By PAUL A. BARRA
GLOVERVILLE – One day after his second anniversary as bishop of Charleston and three days after the feast of St. Vincent de Paul, Bishop Robert J. Baker journeyed to this hamlet in the peach belt of the Midlands to celebrate the life of Vincent. A Vincentian priest, three Daughters of Charity of St. Vincent de Paul sisters and a full house of worshipers joined the bishop on Sept. 30.
“We thank Father (John) Lawlor and the Daughters of Charity for carrying on the life and legacy of St. Vincent de Paul here at Our Lady of the Valley Parish in the Diocese of Charleston,” Bishop Baker said. “In a very important part of the Kingdom of God, the work of St. Vincent de Paul, the work of Jesus, continues.”
The work of Vincent included ministering to galley slaves, founding the Congregation of the Missions, co-founding the Daughters of Charity, establishing confraternities of charity in parishes for the relief of the poor and sick, and organizing wealthy women in Paris to collect funds for missionary work and for ransoming slaves. The 17th century French priest also started hospitals and seminaries, conducted retreats for clergy and was a pioneer in clerical training, according to the bishop, who once taught at St. Vincent de Paul Seminary in Boynton Beach, Fla.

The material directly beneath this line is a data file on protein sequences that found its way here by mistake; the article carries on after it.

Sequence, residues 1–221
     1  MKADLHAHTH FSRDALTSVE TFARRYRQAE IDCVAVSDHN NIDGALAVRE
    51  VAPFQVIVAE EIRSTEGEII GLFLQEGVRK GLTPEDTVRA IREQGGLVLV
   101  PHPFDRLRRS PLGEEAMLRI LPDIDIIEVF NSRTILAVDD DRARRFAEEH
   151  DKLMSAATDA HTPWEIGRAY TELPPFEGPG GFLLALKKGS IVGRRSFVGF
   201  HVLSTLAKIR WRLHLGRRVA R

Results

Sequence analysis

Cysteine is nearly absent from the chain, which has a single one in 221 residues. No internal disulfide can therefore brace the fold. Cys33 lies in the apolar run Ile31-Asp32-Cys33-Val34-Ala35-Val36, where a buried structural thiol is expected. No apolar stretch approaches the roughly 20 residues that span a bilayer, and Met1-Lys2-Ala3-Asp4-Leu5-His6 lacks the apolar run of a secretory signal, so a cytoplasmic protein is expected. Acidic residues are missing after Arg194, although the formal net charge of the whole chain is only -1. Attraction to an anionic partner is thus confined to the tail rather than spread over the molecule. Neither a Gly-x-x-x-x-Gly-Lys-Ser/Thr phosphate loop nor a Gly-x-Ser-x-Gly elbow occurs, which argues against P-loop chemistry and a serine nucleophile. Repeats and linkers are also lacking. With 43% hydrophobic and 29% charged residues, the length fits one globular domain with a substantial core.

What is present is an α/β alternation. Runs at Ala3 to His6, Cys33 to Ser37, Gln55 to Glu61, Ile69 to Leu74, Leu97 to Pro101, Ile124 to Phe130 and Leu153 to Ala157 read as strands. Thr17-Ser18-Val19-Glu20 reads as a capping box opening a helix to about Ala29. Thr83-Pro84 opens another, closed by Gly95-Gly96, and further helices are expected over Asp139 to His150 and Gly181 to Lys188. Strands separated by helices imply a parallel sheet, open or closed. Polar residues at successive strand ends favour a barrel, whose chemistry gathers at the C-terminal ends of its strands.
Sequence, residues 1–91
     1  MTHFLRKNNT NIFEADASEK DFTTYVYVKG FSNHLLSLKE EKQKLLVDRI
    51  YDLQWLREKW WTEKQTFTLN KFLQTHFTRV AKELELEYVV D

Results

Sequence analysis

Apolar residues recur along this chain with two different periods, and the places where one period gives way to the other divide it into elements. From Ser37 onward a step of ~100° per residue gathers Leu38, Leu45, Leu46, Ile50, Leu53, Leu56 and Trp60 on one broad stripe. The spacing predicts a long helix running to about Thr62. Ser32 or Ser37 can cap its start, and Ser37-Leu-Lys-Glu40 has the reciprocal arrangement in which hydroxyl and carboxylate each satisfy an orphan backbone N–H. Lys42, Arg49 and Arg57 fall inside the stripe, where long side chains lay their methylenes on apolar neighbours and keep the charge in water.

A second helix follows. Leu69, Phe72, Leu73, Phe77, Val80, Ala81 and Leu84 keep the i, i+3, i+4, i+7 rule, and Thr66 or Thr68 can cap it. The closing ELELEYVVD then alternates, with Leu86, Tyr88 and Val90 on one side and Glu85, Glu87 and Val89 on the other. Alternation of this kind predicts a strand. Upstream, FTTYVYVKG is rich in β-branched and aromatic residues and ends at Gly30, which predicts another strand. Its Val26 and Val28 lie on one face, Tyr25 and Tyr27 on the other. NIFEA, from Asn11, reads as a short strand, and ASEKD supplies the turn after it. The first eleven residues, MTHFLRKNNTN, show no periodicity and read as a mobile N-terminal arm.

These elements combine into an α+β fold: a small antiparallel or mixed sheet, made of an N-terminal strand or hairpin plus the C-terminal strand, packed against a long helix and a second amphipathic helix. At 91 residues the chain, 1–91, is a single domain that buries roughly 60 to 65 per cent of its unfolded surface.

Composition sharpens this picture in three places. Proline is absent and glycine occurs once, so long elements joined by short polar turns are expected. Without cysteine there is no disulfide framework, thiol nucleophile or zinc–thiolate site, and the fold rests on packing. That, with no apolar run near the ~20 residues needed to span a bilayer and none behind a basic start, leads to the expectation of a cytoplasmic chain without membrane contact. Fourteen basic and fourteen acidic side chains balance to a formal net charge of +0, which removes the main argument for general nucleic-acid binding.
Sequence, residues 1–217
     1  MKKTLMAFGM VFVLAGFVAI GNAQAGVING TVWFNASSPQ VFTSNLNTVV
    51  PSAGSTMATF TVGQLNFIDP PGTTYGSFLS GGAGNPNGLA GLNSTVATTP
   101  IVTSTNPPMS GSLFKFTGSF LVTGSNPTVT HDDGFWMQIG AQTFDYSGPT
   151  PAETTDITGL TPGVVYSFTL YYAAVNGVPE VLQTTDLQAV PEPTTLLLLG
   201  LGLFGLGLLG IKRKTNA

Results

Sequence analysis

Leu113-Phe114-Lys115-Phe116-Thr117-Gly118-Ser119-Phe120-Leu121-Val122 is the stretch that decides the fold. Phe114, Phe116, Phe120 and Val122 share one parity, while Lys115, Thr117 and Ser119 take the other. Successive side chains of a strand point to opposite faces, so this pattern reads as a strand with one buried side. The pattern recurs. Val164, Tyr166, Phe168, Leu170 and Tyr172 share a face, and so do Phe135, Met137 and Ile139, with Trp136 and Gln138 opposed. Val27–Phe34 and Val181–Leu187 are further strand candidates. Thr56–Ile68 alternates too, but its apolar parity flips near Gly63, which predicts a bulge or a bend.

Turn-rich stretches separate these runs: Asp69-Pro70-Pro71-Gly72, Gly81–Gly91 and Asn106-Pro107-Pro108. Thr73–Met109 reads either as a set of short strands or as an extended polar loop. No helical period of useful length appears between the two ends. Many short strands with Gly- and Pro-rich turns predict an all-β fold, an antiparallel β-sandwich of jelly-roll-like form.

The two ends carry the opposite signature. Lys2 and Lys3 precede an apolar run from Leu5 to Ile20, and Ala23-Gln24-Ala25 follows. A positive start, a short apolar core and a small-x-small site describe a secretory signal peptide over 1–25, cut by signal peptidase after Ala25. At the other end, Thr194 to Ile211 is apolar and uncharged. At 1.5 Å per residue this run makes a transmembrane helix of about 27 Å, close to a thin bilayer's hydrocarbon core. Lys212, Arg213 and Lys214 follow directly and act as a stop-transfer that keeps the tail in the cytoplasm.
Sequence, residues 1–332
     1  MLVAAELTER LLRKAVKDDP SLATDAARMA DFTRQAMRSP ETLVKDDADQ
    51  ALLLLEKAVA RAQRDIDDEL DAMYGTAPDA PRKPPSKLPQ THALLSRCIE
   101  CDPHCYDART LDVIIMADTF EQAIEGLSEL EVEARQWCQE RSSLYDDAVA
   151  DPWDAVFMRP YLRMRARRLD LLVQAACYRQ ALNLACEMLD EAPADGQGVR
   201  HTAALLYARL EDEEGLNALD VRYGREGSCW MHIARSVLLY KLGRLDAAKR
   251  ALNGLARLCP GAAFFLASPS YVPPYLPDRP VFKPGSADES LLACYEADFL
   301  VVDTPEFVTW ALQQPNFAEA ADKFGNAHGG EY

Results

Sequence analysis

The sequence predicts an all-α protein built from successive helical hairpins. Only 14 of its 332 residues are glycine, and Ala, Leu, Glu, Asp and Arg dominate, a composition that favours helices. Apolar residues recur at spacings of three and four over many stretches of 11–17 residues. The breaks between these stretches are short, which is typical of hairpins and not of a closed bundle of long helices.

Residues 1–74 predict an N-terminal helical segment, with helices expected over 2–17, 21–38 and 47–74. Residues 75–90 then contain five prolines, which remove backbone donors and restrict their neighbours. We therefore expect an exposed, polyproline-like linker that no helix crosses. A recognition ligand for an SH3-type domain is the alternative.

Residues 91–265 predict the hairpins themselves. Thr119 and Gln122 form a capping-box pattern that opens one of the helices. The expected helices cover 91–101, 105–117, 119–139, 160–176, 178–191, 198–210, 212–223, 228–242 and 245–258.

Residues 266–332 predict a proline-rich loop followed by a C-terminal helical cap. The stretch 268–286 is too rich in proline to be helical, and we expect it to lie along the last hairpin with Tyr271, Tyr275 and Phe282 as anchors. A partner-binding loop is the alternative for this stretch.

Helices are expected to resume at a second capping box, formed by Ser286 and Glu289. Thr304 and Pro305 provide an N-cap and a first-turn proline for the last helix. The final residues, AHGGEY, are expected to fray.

Many parishes in the state have active St. Vincent de Paul Societies, which minister to the needy in local areas. Vincent once said: “… if you consider the poor in the light of faith, then you observe that they are taking the place of the Son of God, who chose to be poor.”
Father Lawlor, 82, is the sacramental priest for Our Lady of the Valley and has just received an extension of his ministry by his order. He thanked the bishop of Charleston for making his first-ever visit to the parish and encouraged the parishioners to follow the charism of the founder of the Vincentians: “St. Vincent’s whole message was to love your neighbor. He gave his life for that, and we can do the same. It’s a wonderful way to live.”
Vincent de Paul Chamberlain, a parishioner of Our Lady of the Valley, said that everyone in the small parish “contributed time and food for the feast that all Catholics celebrate.” Six members of the Aiken assembly of the Knights of Columbus (Fourth Degree) formed an honor guard for the bishop. “Father Lawlor gave us a call and we’re very happy to do this,” said Tom Monahon.
Charity Sister Maureen Houlihan said that the celebration at OLV, where she is stationed, was a natural for her order. Their superior, Father Robert Maloney in Rome, asked the Daughters of Charity and the Congregation of the Missions to concentrate especially on the hungry poor.
“All the Vincentian family has been called together for two years now in a concern for hunger,” Sister Houlihan said. “It’s interesting how Vincent has managed to live on.”
Deacon Bob Waters, pastoral life facilitator of the parish, and Carolyn Cleckley also served at the altar for the feast day celebration, along with two friends of the bishop’s from his seminary days, Father Tony Curran and Father James Peiffer.